Social Security security???greenspun.com : LUSENET : TimeBomb 2000 (Y2000) : One Thread
What likelihood is there for a failure of Social Security payments?? In other words, there are millions of retirees who in some cases completely depend on those benefits for survival. Do you think that these will be maintained? Also other pensions.. such as California Public Employees Retirement system, etc.. Thanks, Bev
-- Beverly Hilliard (firstname.lastname@example.org), March 27, 1998
At this point I don't think the hard data available allows an inference as to"likehood" of contiued social security payments. The SSA gets its updates from withholding checks which flow thru the IRS and Treasury (if I've got this right) and the data goes on to SSA. If the SSA systems get y2k compliant (they are not yet, tho reportedly farther along than most) and their electronic data interchange with Treasury works, and if Treasury's systems work, and their EFTs to banks work and the private companies that sell the Treasury its check stock are able to get wood pulp and rags to produce and transport the kinds of paper stock required to print the checks then maybe.However, Treasury and IRS are waaaay behind in remediation.
As for State Retitement Funds the problem has a different spin. Unlike SS, which has no underlying investments - just taxpayers - state and city pension funds invest billions in private companies. NYCity has five pension funds for employees with $80 Billion in assets - 59% in domestic stocks and 10% in foreign equities (soon to go to 15% according to Jon Lukomnik, the city's deputy controller for pensions). So the first vulnerabilityis in the y2k business risk for each of the companies invested in (as foreign countries are futher behind, they are more vulnerable on average). I know from conversations with institutional money managers, that none of them that I have spoken with thinks that y2k is an issue that justifies assuming a bearish protective stance, as they are graded upon increased performance in comparison with their competing money managers. Big money rarely moves except as the herd moves. And who knows if these money managers have their underlying fund management computer systems y2k compliant to insure they know whats going on.
The second problem is that the civil service administrators of the pension systems themselves have to have the managing computer systems y2k compliant. At last report the Texas Teachers Retirement System was reportedly behind in its remediation. E-mails to the Nqational Association of State Pension Fund managers have yielded no answers on the state of the States. That is a thumb nail sketch of what little I have been able to learn. Hopefully, others on this bb have checked their ststes and have more data.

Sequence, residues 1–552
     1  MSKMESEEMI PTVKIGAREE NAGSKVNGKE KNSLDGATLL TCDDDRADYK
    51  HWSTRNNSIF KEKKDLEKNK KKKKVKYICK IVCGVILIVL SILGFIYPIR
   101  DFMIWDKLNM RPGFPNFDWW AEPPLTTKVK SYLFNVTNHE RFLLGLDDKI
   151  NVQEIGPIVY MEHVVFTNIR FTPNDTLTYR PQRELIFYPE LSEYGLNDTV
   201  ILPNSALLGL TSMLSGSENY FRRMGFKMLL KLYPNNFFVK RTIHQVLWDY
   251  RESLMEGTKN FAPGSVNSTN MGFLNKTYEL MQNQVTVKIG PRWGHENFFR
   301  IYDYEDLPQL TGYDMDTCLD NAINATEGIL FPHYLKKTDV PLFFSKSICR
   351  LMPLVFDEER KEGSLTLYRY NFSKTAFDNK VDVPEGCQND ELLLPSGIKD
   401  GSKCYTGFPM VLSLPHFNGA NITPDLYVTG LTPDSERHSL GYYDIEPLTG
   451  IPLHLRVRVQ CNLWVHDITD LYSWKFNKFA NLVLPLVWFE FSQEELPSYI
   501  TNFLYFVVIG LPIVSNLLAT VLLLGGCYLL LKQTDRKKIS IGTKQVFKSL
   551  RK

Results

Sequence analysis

-- Victor Porlier (email@example.com), March 27, 1998.
Victor has provided a very thoughtful, detailed response below; I can only add one or two small comments.
First: with regard to the major Federal agencies, SSA has consistently gotten top scores for its Y2K work -- primarily because they began their efforts in 1991. That doesn't guarantee that they'll finish 100% of their work, or that they'll escape the bugs that normally exist in newly-modified programs, but at least it's hopeful.
Second: SSA doesn't stand alone, and I suspect that the greatest risk will be the Y2K problems of the federal agencies, and many hundreds (if not thousands) of other organizations it interacts with. If I remember correctly, SSA doesn't even print its own checks -- they're printed by some other part of the U.S. Treasury, which I recall reading was behind schedule on its Y2K work. Also, relatively few people have checks mailed to them directly any more (which would require proper functioning of the US Postal Service, which a colleague told me last fall was in a state of Y2K paralysis, because none of the major systems-integration vendors had bothered replying to a fixed-price, fixed-deadling, severe-penalty-clauses kind of RFP that USPS had issued for its Y2K work). A substantial number of retirees now have their monthly retirement checks direct-deposited into their bank accounts, for convenience and safety. But you know what kind of risks that entails; I suspect that there are half a dozen computer systems (if not more!) between SSA and the retiree's bank account.
If I depended on SSA checks as my primary source of income, I would be _very_ nervous at this point, though I don't think there is anything you can do about it. If any of the state plans allow you to "cash out" your retirement benefits, it certainly ought to be considered as an option.
-- Ed Yourdon (firstname.lastname@example.org), March 27, 1998.
In my opinion, there is zero chance that SSA will be processing checks.
They've been working at it for the better part of a decade and do not appear to have a good idea of their current progress. Late last year, agency officials testified before Congress that given all the time they had to work on it, they were about one-third done.
Early this year, they testified that in only a few months, they had progressed to two-thirds done.